IPCC Fourth Assessment Report: Climate Change 2007
Climate Change 2007: Working Group III: Mitigation of Climate Change Environmental effectiveness

Environmentally effective international agreements lead to reductions in global GHG emissions and/or concentrations or to decreased climate impacts. The literature suggests that to achieve such success, agreements must provide incentives or deterrents to both State and individual behaviour in order to achieve a specific outcome. However, at the international level, there is some dispute as to whether agreements change trends, or merely codify actions already underway.

An additional critical element in the effectiveness of an international agreement is that of the implementation context: The relevant literature shows that agreements tend to be more successful in countries with both a high level of domestic awareness and resources and a strong institutional and legal framework and where there is clear political will. Where global agreements are designed using only blue-print approaches to instruments, these instruments may ultimately ignore the specific cultural and institutional contexts within which they are designed to function and may actually not work as well (see conclusions of the Millennium Ecosystem Assessment, 2005). Agreements that promote ancillary objectives, such as reductions in ordinary air pollution levels, also have a higher chance of success.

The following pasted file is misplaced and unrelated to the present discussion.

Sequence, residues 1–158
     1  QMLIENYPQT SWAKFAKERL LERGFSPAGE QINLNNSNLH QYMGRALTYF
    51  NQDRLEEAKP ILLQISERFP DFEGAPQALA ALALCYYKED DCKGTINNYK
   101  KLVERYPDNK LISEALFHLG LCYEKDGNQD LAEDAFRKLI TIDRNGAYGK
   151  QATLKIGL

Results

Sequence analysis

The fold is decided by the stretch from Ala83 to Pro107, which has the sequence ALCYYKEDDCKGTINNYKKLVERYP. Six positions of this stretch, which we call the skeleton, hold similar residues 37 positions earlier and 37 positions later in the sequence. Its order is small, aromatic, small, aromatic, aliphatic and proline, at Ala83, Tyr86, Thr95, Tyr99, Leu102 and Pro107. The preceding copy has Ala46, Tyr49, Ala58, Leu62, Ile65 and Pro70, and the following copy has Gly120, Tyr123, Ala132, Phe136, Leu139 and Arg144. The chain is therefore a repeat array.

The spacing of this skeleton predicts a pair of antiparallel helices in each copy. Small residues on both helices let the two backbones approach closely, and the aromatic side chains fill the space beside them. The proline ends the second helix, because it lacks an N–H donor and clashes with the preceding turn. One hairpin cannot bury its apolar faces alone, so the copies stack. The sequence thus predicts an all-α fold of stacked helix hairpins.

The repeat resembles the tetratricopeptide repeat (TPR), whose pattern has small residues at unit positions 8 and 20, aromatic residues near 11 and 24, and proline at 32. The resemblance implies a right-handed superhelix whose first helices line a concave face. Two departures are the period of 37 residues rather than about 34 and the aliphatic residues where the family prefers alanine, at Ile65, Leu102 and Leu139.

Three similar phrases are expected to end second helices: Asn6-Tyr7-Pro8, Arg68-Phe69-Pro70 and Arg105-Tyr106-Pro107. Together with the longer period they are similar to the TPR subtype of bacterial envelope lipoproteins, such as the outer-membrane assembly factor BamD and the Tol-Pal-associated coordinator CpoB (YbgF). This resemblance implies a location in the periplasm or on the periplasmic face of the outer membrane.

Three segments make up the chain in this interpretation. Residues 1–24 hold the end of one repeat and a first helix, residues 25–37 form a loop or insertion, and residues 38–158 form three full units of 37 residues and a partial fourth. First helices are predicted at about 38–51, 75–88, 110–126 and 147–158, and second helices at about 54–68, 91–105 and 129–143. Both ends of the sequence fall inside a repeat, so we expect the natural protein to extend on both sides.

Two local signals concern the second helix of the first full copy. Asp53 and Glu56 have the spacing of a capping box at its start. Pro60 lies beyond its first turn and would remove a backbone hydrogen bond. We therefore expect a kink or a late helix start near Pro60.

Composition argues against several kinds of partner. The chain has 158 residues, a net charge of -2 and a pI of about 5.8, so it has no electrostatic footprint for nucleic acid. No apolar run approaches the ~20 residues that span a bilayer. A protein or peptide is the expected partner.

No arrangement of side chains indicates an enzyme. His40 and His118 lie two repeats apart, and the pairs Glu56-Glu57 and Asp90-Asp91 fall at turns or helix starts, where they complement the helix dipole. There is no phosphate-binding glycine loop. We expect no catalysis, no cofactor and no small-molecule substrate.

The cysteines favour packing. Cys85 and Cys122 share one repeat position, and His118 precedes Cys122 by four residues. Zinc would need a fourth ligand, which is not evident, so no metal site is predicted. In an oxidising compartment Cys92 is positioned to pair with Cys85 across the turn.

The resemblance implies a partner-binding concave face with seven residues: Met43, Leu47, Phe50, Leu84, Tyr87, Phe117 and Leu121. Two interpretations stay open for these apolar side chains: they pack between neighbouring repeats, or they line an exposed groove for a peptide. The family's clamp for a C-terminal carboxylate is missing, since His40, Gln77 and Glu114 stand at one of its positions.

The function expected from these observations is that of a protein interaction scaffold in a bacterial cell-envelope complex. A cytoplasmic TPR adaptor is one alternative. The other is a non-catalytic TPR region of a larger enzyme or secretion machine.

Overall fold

An agreement that includes a limited group of countries (particularly if they are not major emitters) may be less effective – and this weakness may be exaggerated when emissions of non-participating countries increase by the migration of emission-intensive industries. Conversely, additional benefits may accrue due to technology spillover that may enhance environmental effectiveness (see Section

The timing of an agreement’s provisions may also affect its effectiveness: Focusing only on longer term emission reductions (as suggested under some forms of technology agreements) may preclude the possibility of reaching low climate stabilization levels, as many lower levels require immediate emission reductions.